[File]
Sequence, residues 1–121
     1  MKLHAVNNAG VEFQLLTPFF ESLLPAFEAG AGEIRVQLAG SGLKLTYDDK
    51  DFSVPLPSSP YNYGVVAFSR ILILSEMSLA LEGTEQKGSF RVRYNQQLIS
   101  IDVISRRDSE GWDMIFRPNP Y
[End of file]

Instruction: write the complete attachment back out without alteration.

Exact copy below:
Sequence, residues 1–121
     1  MKLHAVNNAG VEFQLLTPFF ESLLPAFEAG AGEIRVQLAG SGLKLTYDDK
    51  DFSVPLPSSP YNYGVVAFSR ILILSEMSLA LEGTEQKGSF RVRYNQQLIS
   101  IDVISRRDSE GWDMIFRPNP Y